Skip to content

Family court preferences in child custody cases

On behalf of Janet Boyle of Boyle Feinberg Sharma posted in Child Custody on Tuesday, July 26, 2016.

When Illinois parents are unable to reach agreements regarding child custody disputes, they may decide to litigate their issues in family court. In making a decision about who to award primary physical custody, a family law judge will consider which parent has been the child’s primary caretaker as well as what would be in the child’s best interests.

Courts tend to prefer the primary caretakers when awarding physical custody of children. The court will consider evidence about who has held the primary responsibility of taking care of the child’s daily needs. This may include evidence about attending parent-teacher conferences, attending extracurricular activities, purchasing clothing, bathing and dressing the child and meal preparation. If the court determines that both parents have shared this role, the court may then consider additional factors that are outlined in the state’s laws.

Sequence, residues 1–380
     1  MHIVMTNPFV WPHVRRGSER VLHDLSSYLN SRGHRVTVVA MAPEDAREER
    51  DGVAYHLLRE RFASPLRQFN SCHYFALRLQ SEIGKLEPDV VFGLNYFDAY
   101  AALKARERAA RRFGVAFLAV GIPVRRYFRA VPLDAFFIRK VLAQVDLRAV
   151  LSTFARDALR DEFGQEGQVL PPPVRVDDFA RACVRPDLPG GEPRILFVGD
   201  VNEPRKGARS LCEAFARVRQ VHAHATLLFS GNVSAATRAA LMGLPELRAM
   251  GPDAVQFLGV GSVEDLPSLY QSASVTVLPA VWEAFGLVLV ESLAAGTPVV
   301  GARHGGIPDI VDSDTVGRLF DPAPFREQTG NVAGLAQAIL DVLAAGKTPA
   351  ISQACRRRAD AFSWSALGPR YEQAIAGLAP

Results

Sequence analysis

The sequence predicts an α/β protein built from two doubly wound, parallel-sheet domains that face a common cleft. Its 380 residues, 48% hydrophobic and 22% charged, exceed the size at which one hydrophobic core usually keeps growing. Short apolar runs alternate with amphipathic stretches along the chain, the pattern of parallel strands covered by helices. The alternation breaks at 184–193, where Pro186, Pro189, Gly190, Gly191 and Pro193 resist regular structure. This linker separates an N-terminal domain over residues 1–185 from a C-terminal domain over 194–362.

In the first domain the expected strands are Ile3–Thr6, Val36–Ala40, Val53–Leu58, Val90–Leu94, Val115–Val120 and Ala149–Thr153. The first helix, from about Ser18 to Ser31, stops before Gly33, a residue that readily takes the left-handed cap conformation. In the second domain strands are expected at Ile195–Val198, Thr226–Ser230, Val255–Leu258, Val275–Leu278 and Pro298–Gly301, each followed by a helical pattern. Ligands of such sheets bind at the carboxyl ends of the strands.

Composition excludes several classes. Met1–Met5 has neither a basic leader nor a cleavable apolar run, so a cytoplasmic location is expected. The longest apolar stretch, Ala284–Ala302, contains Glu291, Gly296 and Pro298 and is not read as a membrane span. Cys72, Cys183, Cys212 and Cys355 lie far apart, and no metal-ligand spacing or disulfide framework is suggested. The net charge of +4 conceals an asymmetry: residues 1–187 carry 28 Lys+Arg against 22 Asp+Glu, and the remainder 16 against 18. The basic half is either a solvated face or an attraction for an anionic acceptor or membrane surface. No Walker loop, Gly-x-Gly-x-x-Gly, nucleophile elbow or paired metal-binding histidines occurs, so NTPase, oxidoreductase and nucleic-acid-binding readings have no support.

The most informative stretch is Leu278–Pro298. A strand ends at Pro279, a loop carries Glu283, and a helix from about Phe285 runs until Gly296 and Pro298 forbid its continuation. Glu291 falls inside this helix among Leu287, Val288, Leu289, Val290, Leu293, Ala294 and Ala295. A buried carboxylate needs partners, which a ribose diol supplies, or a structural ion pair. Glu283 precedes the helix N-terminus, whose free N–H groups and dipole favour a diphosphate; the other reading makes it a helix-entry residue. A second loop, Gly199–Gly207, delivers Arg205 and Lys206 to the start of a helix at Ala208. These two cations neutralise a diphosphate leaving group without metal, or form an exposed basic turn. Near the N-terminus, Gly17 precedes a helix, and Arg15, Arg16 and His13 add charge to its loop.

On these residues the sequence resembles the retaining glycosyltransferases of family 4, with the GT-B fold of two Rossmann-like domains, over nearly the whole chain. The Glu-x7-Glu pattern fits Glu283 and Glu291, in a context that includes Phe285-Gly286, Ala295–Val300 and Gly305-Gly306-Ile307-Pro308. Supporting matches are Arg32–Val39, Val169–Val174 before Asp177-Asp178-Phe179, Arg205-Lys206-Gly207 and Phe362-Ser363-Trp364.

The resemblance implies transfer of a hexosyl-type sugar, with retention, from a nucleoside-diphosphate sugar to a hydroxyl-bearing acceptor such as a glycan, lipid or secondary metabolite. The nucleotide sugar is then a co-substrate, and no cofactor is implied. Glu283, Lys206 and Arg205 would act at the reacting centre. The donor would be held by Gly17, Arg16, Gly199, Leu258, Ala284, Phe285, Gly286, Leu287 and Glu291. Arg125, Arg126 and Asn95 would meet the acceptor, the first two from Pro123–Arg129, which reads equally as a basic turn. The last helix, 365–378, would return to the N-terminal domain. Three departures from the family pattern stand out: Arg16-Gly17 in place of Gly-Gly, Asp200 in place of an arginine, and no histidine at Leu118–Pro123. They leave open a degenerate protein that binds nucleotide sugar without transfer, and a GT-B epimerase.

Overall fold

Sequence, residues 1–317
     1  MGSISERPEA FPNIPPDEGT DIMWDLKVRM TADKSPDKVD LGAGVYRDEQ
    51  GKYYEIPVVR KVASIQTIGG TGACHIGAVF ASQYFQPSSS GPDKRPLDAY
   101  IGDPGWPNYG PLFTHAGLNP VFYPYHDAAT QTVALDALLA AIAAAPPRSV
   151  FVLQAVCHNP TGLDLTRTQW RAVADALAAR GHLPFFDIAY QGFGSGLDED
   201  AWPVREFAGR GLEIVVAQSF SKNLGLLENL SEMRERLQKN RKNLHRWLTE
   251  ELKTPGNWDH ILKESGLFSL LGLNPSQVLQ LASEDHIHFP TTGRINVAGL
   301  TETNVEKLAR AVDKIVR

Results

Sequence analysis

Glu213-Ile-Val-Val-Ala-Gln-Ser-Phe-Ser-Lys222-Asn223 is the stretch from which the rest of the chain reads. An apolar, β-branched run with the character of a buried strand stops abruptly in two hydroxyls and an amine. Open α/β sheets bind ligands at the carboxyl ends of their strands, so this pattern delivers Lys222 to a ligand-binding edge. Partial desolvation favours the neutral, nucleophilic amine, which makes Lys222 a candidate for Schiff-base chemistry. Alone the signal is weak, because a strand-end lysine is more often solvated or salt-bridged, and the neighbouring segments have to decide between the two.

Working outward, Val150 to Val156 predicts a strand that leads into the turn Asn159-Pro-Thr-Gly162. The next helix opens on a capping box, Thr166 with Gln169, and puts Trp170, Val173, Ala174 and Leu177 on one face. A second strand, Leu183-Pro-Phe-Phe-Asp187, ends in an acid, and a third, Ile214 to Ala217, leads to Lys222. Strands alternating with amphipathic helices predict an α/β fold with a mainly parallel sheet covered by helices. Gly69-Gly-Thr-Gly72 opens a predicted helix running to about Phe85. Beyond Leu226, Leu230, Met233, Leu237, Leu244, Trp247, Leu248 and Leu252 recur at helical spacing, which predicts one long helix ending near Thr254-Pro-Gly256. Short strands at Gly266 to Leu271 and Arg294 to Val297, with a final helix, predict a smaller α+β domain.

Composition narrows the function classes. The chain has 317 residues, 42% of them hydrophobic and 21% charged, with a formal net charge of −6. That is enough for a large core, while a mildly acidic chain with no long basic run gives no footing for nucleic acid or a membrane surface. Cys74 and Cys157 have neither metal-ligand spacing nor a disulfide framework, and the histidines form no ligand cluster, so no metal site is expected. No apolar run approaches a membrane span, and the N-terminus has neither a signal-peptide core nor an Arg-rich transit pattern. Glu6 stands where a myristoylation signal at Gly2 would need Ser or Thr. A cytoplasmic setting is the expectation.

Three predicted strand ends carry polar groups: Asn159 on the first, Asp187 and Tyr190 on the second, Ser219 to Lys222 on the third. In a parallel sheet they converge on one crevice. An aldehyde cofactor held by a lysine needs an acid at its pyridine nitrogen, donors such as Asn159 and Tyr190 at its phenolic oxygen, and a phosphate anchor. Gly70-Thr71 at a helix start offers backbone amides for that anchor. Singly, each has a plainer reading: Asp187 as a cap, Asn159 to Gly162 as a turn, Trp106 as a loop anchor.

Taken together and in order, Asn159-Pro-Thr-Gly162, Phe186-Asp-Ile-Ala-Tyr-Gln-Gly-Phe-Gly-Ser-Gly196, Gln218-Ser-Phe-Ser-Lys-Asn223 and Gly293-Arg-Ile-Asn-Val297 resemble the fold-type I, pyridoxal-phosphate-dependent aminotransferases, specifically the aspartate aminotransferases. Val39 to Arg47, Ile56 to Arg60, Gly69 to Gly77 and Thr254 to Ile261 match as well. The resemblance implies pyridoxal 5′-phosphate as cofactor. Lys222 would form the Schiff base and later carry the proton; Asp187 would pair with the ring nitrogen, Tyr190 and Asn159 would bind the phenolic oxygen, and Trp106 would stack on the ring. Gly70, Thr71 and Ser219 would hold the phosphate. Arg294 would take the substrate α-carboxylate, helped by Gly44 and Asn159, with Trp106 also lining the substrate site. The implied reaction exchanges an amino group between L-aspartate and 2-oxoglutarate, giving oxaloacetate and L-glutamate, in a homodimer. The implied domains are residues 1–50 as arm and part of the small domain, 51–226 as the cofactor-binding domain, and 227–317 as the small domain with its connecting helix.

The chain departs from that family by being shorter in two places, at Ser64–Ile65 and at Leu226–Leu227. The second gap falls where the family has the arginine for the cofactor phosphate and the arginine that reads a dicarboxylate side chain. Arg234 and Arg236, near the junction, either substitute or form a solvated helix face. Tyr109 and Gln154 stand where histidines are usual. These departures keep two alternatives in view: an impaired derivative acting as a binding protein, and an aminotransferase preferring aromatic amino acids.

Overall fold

To help the court determine what is in the child’s best interests, multiple factors are listed. These include the physical and mental health of both parents, the child’s relationship with other household members, the child’s attachment to his or her school, whether or not there is a history of domestic violence and whether or not either parent has a history of drug or alcohol abuse.

A parent who is going through a child custody dispute may want to seek the advice of a family law attorney. An attorney may have a better understanding of the type of evidence to present regarding the best interests of the child. In some cases, an attorney may be able to negotiate a full agreement without needing to have a trial. Doing so may make the parents and child happier in the long run.